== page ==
“No, what we have to do is really different,” she continued. “We have to root out the lingering indignities of sexism. We also need to remember to call out sexism and sexual harassment when we see it — because there are a lot of women who can’t. And make no mistake: having the ability to call that out … that’s a privilege, and we need to use that privilege to lift everybody up.”
The inherent privilege of the mostly white, cisgendered women that comprised large swaths of marchers in the past has been a point of criticism in the movement — but Spaulding, the lone black woman in the Aspen speaker lineup, took that disparity as an opportunity to be “better than this,” as one protester’s sign read.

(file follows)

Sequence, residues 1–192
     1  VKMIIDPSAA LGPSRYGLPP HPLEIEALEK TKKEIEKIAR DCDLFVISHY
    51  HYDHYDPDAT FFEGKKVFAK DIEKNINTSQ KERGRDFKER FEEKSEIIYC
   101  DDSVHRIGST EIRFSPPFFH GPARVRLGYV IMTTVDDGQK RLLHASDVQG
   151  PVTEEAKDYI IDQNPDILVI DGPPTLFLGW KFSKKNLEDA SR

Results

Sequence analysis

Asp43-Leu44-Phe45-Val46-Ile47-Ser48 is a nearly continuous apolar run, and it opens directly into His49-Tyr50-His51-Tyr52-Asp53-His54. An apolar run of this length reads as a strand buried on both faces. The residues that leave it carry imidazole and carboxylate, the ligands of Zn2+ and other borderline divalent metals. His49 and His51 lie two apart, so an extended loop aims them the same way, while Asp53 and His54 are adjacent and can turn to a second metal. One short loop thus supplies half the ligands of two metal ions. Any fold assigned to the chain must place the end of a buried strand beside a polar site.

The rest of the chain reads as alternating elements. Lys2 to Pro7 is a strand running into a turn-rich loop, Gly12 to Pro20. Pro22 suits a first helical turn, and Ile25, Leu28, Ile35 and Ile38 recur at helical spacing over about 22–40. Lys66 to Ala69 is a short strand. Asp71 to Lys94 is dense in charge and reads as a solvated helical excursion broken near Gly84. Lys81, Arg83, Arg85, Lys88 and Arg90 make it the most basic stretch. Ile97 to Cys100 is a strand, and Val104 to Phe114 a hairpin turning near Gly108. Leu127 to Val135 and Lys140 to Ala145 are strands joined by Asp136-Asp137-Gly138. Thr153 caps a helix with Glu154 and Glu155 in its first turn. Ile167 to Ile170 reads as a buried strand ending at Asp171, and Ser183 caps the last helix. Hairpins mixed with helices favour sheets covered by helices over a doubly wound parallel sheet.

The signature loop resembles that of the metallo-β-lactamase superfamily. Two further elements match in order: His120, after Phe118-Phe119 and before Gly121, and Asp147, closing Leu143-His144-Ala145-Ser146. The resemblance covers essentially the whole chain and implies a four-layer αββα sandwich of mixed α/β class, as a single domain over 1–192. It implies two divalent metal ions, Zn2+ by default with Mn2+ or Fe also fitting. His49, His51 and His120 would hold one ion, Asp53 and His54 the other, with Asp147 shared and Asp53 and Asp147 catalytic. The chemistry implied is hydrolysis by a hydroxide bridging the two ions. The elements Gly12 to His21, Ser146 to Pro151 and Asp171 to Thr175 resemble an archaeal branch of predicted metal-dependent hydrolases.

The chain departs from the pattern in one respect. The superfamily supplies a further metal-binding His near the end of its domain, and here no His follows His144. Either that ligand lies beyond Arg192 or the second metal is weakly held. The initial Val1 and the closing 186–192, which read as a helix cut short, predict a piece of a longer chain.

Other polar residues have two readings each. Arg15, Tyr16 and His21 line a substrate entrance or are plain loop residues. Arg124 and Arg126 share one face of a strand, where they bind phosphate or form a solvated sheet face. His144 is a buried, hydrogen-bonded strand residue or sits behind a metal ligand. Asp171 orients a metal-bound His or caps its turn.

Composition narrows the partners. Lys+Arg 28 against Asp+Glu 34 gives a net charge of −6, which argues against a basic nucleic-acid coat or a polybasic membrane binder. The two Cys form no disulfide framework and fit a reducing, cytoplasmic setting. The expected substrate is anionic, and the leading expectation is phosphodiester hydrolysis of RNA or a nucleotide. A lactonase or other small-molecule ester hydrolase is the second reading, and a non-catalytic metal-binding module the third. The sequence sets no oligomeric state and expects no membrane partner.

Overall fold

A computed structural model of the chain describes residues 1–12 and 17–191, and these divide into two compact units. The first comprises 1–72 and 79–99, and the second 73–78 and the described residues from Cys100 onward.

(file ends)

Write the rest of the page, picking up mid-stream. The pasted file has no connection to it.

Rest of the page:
“I have heard from candidates at every level across the state and across the country saying, ‘We have to fix what has happened,’ as if it recently happened,” the pastor and university professor said. “The truth is we have been in this since 1619. That is 400 years of systemic oppression and structured privilege. So what we are working to undo is going to take courage and for us to dig a lot deeper than what we believe is on the surface. I am asking us to do what has never been done — because if we keep doing the same thing expecting different results, we are the ones who are insane.”
People cheered; passing cars honked in support. And on their route to the fountains, women’s voices chanting “Love not hate makes America great” bounced off the snow and ice.